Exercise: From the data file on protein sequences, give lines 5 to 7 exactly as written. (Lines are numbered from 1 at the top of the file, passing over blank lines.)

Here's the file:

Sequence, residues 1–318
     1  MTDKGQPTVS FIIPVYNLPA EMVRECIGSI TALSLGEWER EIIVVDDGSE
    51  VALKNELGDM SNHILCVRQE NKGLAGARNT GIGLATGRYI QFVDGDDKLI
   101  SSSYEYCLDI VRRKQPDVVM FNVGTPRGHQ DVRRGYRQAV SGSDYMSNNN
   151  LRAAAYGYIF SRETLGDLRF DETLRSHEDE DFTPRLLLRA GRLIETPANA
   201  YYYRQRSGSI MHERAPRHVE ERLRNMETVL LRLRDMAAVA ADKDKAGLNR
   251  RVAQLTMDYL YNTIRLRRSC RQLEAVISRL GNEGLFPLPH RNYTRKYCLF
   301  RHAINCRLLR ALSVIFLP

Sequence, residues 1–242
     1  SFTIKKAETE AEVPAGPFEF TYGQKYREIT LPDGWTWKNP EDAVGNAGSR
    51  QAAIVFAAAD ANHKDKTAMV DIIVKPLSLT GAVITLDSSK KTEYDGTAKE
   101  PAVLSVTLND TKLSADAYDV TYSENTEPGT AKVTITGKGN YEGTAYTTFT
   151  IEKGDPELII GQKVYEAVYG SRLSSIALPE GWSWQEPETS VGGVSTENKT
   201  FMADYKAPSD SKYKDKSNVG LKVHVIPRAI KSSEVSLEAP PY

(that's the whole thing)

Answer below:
   151  LRAAAYGYIF SRETLGDLRF DETLRSHEDE DFTPRLLLRA GRLIETPANA
   201  YYYRQRSGSI MHERAPRHVE ERLRNMETVL LRLRDMAAVA ADKDKAGLNR
   251  RVAQLTMDYL YNTIRLRRSC RQLEAVISRL GNEGLFPLPH RNYTRKYCLF